Former boxers Michael Watson and Nick Blackwell, who both survived life-threatening injuries in the ring, were spotted walking side-by-side in a heartwarming reunion that warmed the hearts of boxing fans.
Surviving Horrific Injuries
Michael Watson, now 50, suffered a horrific brain injury during his 1991 rematch with Chris Eubank Sr and fell into a coma for 40 days. Nick Blackwell, 32, was also placed in a medically-induced coma following his 2016 clash with Chris Eubank Jr and slipped into a second coma a few months later.
A Walk in the Sun
Despite their life-threatening ordeals, both boxers have made incredible recoveries and recently enjoyed a stroll together in the summer sun.
Watson recalled the fateful night in 1991 when he suffered a blood clot on his brain after a brutal 12th-round knockout loss to Chris Eubank Sr. He remained in the ring without medical attention for 28 minutes before slipping into a coma.
Blackwell, on the other hand, suffered a beatdown in his 2016 British middleweight title fight with Chris Eubank Jr that led to his medically-induced coma. Despite recovering and announcing his retirement, he found himself in a second coma the following November after falling ill.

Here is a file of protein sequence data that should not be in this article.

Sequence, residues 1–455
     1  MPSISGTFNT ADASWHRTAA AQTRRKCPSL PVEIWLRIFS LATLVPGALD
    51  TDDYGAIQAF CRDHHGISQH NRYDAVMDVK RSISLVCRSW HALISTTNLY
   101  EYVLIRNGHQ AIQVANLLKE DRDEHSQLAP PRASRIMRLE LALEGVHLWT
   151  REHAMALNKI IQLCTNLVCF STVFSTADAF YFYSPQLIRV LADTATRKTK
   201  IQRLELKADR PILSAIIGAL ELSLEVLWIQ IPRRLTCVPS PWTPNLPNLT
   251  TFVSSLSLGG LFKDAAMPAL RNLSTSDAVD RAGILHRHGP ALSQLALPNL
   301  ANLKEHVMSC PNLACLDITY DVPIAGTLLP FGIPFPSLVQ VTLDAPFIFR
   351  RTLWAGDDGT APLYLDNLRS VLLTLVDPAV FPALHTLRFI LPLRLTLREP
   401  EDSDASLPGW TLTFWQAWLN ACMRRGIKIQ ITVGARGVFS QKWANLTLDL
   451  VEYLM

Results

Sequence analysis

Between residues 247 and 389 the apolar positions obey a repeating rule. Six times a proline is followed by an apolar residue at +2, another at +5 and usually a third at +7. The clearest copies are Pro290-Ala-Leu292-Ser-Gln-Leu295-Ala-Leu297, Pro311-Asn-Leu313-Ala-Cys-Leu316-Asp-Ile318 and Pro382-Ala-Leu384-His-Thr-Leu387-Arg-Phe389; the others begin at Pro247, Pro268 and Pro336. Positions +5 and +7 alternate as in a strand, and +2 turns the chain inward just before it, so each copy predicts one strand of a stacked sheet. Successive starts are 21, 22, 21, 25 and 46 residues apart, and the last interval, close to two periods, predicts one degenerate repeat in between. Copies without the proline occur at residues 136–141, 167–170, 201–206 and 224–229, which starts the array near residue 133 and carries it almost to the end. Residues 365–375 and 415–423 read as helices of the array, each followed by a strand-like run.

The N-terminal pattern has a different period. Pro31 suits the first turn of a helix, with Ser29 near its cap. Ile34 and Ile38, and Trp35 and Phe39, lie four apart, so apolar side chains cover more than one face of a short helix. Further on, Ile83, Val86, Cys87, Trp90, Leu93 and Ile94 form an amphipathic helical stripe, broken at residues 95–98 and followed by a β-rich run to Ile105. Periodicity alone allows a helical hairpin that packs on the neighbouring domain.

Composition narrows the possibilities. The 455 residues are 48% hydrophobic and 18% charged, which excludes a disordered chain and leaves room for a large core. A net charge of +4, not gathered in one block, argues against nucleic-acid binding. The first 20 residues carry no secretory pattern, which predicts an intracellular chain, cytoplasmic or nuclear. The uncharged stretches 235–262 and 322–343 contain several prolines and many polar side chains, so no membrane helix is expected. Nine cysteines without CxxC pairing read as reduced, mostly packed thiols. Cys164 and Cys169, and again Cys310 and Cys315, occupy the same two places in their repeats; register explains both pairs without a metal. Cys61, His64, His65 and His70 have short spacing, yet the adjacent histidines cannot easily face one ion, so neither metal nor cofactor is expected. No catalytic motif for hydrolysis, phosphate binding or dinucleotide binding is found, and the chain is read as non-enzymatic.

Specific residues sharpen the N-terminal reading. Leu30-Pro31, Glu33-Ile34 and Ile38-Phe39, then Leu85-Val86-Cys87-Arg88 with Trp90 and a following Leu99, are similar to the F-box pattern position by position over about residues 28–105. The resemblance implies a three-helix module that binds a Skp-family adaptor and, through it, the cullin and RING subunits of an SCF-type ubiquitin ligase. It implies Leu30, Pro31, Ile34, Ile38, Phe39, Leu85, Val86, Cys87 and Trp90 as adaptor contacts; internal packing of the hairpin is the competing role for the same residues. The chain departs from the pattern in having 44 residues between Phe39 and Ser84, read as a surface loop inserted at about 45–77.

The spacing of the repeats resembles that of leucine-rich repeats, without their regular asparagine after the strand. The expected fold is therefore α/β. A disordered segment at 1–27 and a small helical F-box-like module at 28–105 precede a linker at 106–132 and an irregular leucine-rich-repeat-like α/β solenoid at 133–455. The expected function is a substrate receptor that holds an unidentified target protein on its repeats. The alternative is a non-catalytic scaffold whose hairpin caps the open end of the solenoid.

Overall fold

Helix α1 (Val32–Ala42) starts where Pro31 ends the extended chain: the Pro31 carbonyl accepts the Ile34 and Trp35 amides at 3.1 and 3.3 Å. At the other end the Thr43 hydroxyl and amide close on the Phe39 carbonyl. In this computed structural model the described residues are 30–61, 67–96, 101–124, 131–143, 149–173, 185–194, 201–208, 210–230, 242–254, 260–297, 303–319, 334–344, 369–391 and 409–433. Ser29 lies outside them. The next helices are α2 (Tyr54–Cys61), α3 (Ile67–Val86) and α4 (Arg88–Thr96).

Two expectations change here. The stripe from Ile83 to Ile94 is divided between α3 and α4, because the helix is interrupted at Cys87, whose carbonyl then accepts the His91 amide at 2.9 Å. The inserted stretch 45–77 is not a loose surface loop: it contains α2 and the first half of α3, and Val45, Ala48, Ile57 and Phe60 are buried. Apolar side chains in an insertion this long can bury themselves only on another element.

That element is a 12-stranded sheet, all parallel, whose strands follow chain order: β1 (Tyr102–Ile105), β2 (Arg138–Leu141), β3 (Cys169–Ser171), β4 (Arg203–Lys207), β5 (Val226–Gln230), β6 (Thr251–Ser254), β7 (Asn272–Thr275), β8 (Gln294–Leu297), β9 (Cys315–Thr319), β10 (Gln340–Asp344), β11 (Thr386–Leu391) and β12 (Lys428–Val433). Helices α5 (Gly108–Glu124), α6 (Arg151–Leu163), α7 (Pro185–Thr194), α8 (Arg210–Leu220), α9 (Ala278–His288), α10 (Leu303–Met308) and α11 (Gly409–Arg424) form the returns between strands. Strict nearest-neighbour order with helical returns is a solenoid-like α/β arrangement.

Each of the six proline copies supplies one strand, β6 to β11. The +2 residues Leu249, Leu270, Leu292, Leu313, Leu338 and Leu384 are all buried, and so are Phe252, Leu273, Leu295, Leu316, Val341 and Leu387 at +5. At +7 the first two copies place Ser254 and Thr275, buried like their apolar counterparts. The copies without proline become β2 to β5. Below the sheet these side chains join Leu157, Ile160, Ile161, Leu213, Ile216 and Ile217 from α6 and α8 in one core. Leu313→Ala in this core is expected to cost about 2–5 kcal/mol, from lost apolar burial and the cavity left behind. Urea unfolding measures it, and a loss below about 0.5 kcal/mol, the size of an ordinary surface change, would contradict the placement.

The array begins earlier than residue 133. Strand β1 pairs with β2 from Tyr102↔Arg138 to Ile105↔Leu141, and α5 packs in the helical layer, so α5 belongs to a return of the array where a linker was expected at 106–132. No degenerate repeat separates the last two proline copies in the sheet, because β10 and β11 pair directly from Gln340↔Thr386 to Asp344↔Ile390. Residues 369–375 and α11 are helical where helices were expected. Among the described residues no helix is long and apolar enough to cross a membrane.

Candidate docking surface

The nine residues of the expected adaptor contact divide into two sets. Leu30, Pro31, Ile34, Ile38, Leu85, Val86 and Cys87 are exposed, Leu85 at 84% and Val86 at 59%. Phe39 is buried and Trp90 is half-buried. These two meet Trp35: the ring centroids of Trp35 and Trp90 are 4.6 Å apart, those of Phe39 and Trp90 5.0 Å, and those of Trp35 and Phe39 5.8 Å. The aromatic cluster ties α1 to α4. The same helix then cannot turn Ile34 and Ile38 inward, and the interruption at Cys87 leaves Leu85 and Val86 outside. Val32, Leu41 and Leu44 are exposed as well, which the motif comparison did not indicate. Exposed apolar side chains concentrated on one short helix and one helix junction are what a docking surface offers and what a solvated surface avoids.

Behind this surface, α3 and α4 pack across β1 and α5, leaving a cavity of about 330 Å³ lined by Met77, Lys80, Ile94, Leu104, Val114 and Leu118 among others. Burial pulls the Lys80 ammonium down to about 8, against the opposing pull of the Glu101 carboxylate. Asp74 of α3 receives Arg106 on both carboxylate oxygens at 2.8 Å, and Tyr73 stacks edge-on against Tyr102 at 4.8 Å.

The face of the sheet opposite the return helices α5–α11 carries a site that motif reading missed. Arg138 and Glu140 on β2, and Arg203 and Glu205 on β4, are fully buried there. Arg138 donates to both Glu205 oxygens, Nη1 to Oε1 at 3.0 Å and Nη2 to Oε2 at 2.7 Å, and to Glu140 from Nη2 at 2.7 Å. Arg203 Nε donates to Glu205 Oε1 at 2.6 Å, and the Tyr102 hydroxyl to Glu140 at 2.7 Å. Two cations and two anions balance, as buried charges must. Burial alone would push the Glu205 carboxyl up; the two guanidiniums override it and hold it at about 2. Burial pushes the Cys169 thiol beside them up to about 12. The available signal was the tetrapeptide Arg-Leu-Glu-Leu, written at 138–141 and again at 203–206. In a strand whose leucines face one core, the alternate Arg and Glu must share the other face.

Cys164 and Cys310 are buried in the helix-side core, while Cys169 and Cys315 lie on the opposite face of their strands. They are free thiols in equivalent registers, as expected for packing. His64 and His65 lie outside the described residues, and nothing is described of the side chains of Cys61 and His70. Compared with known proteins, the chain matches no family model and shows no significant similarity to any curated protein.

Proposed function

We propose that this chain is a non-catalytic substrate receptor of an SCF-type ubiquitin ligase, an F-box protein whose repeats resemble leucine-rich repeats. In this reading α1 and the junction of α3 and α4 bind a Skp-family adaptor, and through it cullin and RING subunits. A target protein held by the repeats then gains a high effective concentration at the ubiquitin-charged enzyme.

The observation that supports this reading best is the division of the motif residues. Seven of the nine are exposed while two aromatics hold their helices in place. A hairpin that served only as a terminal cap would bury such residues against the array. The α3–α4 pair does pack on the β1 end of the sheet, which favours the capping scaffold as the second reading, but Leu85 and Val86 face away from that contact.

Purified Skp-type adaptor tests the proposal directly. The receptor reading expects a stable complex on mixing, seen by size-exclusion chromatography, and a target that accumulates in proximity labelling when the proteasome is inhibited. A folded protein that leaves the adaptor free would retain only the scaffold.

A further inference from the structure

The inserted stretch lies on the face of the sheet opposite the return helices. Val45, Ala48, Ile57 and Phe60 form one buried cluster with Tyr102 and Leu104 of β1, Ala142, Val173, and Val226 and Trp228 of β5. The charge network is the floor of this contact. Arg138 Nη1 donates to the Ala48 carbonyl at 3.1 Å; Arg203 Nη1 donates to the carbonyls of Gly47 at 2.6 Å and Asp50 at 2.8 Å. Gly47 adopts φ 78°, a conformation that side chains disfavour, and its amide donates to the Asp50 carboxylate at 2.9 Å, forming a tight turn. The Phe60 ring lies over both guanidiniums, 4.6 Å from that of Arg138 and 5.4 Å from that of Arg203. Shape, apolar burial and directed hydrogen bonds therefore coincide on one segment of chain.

A Message of Triumph
Blackwell took to Twitter to share a video of himself and Watson walking down the street. In his caption, he wrote, "They said we would NEVER walk again. We had our skulls removed. Small chance of survival. Me and Michael Watson defied all odds…now we're walking side by side."
Fans Inspired by the Video
After seeing the heartwarming footage, fans were quick to comment on the remarkable progress of both fighters. One commented, "Awesomeness," while another remarked, "Just truly epic, I know how hard it is to get to this point!" The video was described as an inspiration and a testament to their strength and resilience.
Watson, who has openly discussed the life-changing incident, bears no ill-will towards Chris Eubank Sr. Instead, he believes that the incident brought attention to the need for improved safety measures in boxing. Watson noted the positive changes that have since been made in the sport, with better medical equipment and emergency responders present at ringside.